A federal appeals court on Thursday ruled that local governments nationwide don't need to provide certain types of help to federal immigration authorities in order to get millions of dollars in federal grants.
The ruling is a blow to Attorney General Jeff Sessions and the Justice Department, which had attempted to coerce so-called sanctuary jurisdictions into helping the Trump administration's immigration agenda.
In September, in a case brought by Chicago, a lower court had held the Justice Department couldn’t deny $254 million to jurisdictions that refused to notify federal authorities when an undocumented immigrant was in their custody and hold the inmate in jail. The Trump administration had sought to limit that earlier decision only to Chicago.
But in a 2–1 ruling from an appeals court panel, judges said Thursday, “The district court did not err in determining that the City established a likelihood of success on the merits of its contention that the Attorney General lacked the authority to impose the notice and access conditions on receipt of the Byrne JAG grants, and did not abuse its discretion in granting the nationwide preliminary injunction in this case.”
The Justice Department could still request an appeal from the full bench of judges on the 7th Circuit Court of Appeals, or from the Supreme Court. The Justice Department did not announce next steps, but spokesperson Devin O’Malley said in a statement Thursday that “We will continue to fight to carry out the Department’s commitment to the rule of law, protecting public safety, and keeping criminal aliens off the streets to further perpetrate crimes.”
Trump and the Justice Department have accused sanctuary jurisdictions, many of which avoid collecting citizenship information or assisting in deportation efforts, of turning violent criminals loose and endangering citizens.
The cities, however, counter that sanctuary policies promote safety by encouraging communities to cooperate with police without fear of deportation.
The Justice Department launched its offensive last July when it warned police departments that applied for money from the Edward Byrne Memorial Justice Assistance Grants (JAG) that they must abandon certain sanctuary policies in order to be eligible.
As BuzzFeed News reported Thursday, Sessions has still not dispersed the grants, catching hundreds of other police departments and agencies in the crossfire — even though their jurisdictions don't have any sanctuary policies.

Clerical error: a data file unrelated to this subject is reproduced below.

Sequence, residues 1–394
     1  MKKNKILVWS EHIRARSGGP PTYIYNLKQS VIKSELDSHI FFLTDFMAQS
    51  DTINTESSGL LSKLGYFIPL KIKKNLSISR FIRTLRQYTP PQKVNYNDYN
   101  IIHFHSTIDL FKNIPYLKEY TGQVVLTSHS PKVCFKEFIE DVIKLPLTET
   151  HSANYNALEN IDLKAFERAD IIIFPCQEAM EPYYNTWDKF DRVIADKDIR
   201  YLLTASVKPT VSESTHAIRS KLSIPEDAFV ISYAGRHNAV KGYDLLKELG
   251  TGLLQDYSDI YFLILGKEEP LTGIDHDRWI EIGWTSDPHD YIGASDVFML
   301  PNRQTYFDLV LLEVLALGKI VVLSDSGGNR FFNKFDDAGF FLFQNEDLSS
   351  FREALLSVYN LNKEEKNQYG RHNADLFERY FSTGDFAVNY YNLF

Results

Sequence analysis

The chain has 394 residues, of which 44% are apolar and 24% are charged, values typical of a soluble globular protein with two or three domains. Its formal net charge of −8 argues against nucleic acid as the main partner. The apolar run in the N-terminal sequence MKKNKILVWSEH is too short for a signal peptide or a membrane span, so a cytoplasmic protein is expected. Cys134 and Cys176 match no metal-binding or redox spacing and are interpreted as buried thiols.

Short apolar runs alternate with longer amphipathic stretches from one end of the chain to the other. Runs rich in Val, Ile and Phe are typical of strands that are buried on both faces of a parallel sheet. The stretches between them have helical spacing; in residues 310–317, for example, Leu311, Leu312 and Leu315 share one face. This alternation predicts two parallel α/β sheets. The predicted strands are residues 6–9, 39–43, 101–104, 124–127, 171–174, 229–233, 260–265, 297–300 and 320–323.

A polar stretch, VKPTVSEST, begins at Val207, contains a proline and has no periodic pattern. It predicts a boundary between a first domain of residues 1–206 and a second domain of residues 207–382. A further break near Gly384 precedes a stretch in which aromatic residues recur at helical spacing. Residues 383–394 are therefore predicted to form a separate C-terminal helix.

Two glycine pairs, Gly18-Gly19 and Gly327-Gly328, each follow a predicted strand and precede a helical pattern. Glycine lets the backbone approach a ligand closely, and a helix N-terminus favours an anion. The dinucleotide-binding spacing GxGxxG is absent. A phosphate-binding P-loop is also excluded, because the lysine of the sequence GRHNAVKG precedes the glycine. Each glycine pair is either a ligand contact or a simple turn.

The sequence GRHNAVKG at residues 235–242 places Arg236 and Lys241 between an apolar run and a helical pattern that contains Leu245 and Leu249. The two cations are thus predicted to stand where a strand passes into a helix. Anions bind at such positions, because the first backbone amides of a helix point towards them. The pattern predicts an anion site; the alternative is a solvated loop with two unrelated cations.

The DOJ has placed three conditions on the grants, which are the federal government’s primary funding for local police — totaling hundreds of millions of dollars annually nationwide.
The DOJ said the police departments must: 1) notify the Department of Homeland Security when an undocumented immigrant is in their custody; 2) hold those suspects for 48 hours so federal authorities may visit the facility; and 3) comply with 8 USC §1373, a federal law that instructs local officials to share information with federal immigration authorities.
The September decision in Chicago suspended the rule nationwide as it applied to notification and detention provisions — but the judge let stand the requirement that jurisdictions must show compliance with 8 USC § 1373 to accept JAG grants.
The Justice Department appealed to the 7th Circuit, asking the court to issue a partial stay, which would narrow the ruling’s scope to Chicago.
“Chicago will suffer no harm at all by the issuance of a stay,” Justice Department lawyers wrote in a motion. “But absent a stay, the Department of Justice will be faced with the choice of delaying awards, to the detriment of states and localities across the country, or else forgoing grant conditions intended to guarantee that the incarceration of aliens by states and localities does not impede the federal government’s efforts to enforce the immigration laws.”
But in a majority opinion for the court Thursday, Judge Ilana Rovner wrote that any harms to Sessions from the injunction "is minimized because the Attorney General can distribute the funds without mandating the conditions — as has been done for over a decade — and nothing in the injunction prevents any state or local government from coordinating its local law enforcement with the federal authorities."
Chicago, she added, had "demonstrated a likelihood of success on the claim that the Attorney General lacked any Constitutional authority to impose the conditions upon the grant recipients, and therefore that the actions violated the separation of powers principles."
Judge Daniel Manion dissented, in part, saying that the injunction should be limited to Chicago. "Other jurisdictions that do not want to comply with the Notice and Access conditions were not parties to this suit," he writes, and there is no need to protect them in order to protect Chicago."